Penguins in the playoffs

NHL Playoffs: Penguins and Capitals play for the Pseudo Stanley Cup

But this time, Dave Lozo writes, the Caps will probably win.

"Who you got?" "Us." "Yeah, me too."

"Who you got?" "Us." "Yeah, me too."

Kelvin Kuo-USA TODAY Sports

Welcome to the 2017 Stanley Cup Final.


Just like in 2016 when the Washington Capitals and Pittsburgh Penguins met in the second round, this year’s matchup feels a lot like the battle between the two best teams remaining in the postseason. The only difference is the Tampa Bay Lightning were lurking in the conference finals last year, while no one of their caliber will be there this year, and the West may have a blessed Cinderella No. 8 seed in the Nashville Predators waiting in the Final.

Maybe it’s just a coincidence or maybe it’s just the imbalance in talent between the conferences now or maybe it’s just the NHL’s stupid playoff format that makes the best teams face each other in earlier rounds, but it feels like a Pseudo Stanley Cup Final will start Thursday night in Washington.

But this time, the Penguins aren’t the favorites.

NHL: Stanley Cup Playoffs-Washington Capitals at Pittsburgh Penguins

Who will be the happy handshaker after this series?

Charles LeClaire-USA TODAY Sports

Last year’s Penguins entered the playoffs playing dominant, even-strength hockey but, more importantly, they were healthier. They had Kris Letang and Matt Murray. While their absences were barely noticed against the overmatched and overrated Columbus Blue Jackets, this could be the round where not having a No. 1 defenseman and No. 1 goaltender takes its toll.

And, look, I get it — you people in Pittsburgh love Marc-Andre Fleury. You want him to win a Stanley Cup again. You saw him go 4-1 with a .933 save percentage in the first round. You want to believe that his will be his redemption postseason.

If he gets past this round, it very well could be. Maybe Mike Sullivan sticks with Fleury even if Murray is healthy. But what’s the one joke we all love about the Capitals? It’s that they can’t get out of the second round. They get to the border and can see the third round but they keep bouncing off the invisible force field and falling down. It’s very funny (unless you’re a Caps fan).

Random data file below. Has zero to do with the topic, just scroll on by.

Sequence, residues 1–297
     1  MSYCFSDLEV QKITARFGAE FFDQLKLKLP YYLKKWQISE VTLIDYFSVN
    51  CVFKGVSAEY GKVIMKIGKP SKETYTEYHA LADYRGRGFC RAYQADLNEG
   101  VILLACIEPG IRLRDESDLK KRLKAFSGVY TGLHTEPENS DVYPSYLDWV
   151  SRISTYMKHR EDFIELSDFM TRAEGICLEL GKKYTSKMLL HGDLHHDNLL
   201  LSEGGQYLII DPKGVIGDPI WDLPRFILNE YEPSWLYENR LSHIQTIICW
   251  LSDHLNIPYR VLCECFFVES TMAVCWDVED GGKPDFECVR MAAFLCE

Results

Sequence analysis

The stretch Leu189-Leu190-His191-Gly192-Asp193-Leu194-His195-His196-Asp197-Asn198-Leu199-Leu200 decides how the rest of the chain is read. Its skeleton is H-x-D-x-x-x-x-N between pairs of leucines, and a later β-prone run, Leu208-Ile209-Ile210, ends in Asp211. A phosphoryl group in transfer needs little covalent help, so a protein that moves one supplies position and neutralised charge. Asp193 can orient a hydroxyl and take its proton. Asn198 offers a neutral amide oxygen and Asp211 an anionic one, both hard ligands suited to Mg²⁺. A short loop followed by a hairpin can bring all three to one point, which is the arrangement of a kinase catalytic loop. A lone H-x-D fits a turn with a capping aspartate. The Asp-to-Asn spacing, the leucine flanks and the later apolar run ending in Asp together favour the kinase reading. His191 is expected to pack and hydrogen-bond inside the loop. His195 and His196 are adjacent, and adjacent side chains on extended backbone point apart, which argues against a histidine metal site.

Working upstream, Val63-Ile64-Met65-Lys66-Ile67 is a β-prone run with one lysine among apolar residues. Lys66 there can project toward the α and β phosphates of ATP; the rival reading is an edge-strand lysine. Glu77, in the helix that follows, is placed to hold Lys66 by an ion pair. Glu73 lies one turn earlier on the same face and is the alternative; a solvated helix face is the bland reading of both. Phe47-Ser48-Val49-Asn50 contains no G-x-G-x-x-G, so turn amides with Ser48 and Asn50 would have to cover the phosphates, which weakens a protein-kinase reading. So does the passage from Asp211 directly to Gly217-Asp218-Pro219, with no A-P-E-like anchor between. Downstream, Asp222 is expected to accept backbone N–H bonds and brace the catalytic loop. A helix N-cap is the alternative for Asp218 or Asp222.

What has Fleury done since winning the Cup in 2009?

  • Second-round exit
  • First-round exit
  • First-round exit
  • First-round exit
  • Second-round exit
  • First-round exit
  • Stanley Cup! (as a backup who lost his one start)
Marc-Andre Fleury

Marc-Andre Fleury has been good, but will he stay good?

Charles LeClaire-USA TODAY Sports

And now here he is in the second round with that very sweet .933. Should you take that as a sign that he’s turning the corner? That he’s mustering one last Cup run before being traded or having his contract bought out after his season? Or is it a harbinger of doom, considering his .907 career postseason save percentage and mostly catastrophic showings since 2009?

So this series will come down to which second-round chokers will choke the hardest, if at all — Fleury or the Capitals?

This time, the Capitals…

(Dave, don’t do it)

…seem to be…

(You’re not falling for this, are you?)

…a completely different team.

(You’re such an idiot.)

"He did it. He told himself not to do it, but Dave totally did it."

"He did it. He told himself not to do it, but Dave totally did it."

Kelvin Kuo-USA TODAY Sports

It may not be Fleury scoring on himself that does in the Penguins; it may be that Letang isn’t there to give the Penguins the depth they require on defense to combat the depth the Capitals have on offense.

Forget about the Capitals’ stars — the third line with Andre Burakovsky, Lars Eller and Tom Wilson combined for three goals and four assists in six games against the Toronto Maple Leafs in the first round. When Wilson isn’t spending every shift on an attempted murder spree, it’s a useful line that can wreak havoc against the opponent’s depth defenders.

Not having Letang will create matchup problems everywhere, especially against the Ovechkin-Backstrom-Oshie line, but his absence leads to a trickle-down effect that can create the same issues against the lower lines too.

But if the Penguins can get past the Capitals, would you bet against them in the conference finals against the Senators or Rangers? What about in the Real Cup Final against anyone left in the West?

This series was destined to be a problem from the moment it was announced Letang was out for the season and only became a bigger problem when Murray was hobbled before Game 1 against the Blue Jackets. But if the Capitals gag again, the Penguins are probably going to raise the Real Cup for a second year in a row.

Want some more? Explore other Penguins in the playoffs stories.

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